This book addresses both multi robot systems and miniaturization to the nanoscale from a unifying point of view, but without leaving aside typical particularities of either. The unifying aspect is based on the concept of information minimization whose precise formulation is the Haken-Levi-principle.

The authors introduce basic concepts of multi-component self-organizing systems such as order parameters (well known from equilibrium and non-equilibrium phase transitions) and the slaving principle (which establishes a link to dynamical systems). Among explicit examples is the docking manoeuvre of two robots in two and three dimensions.

The second part of the book deals with the rather recently arising field of molecular robotics. It is particularly here where nature has become a highly influential teacher for the construction of robots. In living biological cells astounding phenomena occur: there are molecules (proteins) that literally walk on polymer strands and transport loads that are heavier than their carriers, or molecules that, by joint action, contract muscles. The book provides the reader with an insight into these phenomena, especially by a detailed theoretical treatment of the molecular mechanism of muscle contraction.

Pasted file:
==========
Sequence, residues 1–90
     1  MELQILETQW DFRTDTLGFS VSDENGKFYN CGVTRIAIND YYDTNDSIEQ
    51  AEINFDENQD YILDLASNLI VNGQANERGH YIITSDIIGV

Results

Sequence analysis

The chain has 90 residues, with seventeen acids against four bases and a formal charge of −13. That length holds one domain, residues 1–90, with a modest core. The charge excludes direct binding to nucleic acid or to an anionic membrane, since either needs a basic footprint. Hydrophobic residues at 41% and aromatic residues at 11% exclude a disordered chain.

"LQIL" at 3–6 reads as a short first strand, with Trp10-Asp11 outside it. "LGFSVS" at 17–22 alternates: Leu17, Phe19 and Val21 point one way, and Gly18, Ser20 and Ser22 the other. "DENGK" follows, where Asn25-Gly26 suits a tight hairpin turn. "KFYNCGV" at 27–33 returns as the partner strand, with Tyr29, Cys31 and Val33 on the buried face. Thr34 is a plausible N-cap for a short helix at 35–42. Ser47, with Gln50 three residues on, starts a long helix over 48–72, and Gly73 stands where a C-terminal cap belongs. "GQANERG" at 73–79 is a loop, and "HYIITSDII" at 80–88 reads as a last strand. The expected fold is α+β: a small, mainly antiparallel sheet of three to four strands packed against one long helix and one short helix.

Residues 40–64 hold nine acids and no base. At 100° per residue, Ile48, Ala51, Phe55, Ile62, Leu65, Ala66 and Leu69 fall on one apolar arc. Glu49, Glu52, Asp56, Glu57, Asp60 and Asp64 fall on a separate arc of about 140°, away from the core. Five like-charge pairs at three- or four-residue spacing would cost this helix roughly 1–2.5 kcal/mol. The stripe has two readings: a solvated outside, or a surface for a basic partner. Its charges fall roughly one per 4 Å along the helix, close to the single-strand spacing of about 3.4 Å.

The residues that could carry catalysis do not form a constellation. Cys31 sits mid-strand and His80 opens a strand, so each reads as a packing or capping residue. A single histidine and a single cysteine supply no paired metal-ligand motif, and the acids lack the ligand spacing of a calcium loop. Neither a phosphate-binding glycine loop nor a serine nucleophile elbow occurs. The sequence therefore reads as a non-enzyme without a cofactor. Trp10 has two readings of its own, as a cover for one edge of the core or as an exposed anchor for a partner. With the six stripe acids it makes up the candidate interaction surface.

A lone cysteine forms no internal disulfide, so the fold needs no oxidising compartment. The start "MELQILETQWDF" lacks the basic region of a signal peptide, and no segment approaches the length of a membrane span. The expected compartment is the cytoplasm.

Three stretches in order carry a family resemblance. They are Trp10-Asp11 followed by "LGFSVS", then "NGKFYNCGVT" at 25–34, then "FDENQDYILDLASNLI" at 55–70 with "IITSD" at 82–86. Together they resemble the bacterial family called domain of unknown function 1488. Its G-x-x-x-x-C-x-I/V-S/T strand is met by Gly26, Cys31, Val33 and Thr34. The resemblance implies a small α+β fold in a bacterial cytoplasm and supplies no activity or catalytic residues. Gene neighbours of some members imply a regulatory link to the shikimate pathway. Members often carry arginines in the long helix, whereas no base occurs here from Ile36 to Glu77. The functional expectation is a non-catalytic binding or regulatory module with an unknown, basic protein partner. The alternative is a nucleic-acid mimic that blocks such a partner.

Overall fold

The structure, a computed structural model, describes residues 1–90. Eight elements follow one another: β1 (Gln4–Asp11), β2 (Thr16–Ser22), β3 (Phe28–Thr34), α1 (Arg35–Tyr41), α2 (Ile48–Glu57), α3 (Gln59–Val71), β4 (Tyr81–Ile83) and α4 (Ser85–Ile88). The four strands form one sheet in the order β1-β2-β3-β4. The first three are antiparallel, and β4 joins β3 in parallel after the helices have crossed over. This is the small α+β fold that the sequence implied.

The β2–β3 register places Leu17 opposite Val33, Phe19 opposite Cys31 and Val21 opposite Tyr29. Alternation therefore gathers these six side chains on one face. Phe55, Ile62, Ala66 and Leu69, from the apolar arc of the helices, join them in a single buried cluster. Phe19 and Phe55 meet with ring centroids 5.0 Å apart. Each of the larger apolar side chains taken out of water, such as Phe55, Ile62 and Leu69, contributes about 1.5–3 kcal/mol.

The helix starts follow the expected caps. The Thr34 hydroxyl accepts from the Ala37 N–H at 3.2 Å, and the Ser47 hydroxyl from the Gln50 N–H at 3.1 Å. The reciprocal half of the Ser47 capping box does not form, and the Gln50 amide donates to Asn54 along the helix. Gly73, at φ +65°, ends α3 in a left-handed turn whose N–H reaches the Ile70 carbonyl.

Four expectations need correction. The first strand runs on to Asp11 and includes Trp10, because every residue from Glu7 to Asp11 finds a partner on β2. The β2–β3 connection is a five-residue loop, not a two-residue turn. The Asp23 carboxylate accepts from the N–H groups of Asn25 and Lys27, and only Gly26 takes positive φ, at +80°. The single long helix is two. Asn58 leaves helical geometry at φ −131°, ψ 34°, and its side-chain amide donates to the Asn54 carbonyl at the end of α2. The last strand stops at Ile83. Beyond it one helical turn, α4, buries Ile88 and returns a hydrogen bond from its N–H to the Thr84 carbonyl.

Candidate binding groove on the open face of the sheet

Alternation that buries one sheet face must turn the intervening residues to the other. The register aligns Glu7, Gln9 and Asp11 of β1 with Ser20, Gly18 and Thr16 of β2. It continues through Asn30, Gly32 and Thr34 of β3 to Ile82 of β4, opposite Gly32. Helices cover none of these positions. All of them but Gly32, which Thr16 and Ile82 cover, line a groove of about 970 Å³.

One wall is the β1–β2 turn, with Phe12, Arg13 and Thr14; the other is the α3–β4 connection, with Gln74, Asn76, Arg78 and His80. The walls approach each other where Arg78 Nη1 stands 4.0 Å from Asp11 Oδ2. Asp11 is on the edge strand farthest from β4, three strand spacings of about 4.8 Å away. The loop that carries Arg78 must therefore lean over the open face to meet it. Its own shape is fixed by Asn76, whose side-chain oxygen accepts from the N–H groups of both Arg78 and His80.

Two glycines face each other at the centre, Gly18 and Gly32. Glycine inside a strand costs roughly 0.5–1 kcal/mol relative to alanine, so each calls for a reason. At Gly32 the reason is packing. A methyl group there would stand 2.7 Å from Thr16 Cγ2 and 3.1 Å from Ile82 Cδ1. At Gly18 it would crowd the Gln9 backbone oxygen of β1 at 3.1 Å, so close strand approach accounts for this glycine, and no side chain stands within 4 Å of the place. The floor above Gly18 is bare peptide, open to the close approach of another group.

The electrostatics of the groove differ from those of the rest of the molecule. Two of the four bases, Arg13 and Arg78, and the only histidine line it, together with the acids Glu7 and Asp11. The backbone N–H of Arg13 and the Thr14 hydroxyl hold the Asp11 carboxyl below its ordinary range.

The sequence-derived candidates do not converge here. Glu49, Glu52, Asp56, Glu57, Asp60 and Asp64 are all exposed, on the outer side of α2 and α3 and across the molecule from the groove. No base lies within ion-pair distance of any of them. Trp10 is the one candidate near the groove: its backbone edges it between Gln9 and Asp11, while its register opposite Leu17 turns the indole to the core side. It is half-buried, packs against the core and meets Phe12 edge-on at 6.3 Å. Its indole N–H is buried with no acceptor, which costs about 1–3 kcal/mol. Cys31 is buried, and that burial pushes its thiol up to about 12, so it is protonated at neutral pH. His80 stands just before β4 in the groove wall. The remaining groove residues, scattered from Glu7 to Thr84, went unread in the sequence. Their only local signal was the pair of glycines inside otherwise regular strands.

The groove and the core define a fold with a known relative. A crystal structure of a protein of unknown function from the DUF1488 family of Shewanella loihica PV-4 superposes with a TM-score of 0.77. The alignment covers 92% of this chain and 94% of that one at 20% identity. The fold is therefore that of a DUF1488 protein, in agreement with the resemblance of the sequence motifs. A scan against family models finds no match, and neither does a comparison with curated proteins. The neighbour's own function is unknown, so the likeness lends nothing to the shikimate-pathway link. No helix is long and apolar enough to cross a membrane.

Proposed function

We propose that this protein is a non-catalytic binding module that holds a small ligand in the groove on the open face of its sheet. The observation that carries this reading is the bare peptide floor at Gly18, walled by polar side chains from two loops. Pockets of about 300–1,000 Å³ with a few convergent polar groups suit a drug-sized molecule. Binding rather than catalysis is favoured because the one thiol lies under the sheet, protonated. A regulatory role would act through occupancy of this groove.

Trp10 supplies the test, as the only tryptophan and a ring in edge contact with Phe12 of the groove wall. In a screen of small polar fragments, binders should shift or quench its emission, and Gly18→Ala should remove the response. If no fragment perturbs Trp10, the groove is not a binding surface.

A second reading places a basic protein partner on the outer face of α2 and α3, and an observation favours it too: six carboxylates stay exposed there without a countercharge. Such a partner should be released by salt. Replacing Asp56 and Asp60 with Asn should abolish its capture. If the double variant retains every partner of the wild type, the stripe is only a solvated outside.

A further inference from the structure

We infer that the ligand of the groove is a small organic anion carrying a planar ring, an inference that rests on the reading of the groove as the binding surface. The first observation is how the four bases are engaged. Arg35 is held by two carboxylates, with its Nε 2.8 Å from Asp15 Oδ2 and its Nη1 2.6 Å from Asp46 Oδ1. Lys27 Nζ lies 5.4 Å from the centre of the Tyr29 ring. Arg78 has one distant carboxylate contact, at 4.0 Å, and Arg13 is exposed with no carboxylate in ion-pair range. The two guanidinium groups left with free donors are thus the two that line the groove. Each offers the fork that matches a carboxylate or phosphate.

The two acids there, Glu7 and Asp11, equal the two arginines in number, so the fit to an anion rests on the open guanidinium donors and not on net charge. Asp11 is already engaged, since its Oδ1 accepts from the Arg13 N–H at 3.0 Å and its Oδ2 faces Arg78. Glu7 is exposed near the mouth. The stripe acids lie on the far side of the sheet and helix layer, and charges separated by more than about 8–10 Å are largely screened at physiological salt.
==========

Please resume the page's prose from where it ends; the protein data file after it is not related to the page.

At the molecular level, for an appropriate approach the use of quantum theory is indispensable. The authors introduce and use it in a form that avoids all the clumsy calculations of wave-functions. They present a model which is based on an elementary version of quantum field theory and allows taking into account the impact of the surrounding on the quantum mechanical activity of a single molecule. By presenting explicit and pedagogical examples, the reader gets acquainted with the appropriate modelling of the walking behaviour of single molecular robots and their collective behaviour.

The further development of multi-robot systems and particularly of molecular robots will require the cooperation of a variety of disciplines. Therefore the book appeals to a wide audience including researchers, instructors, and advanced graduate students.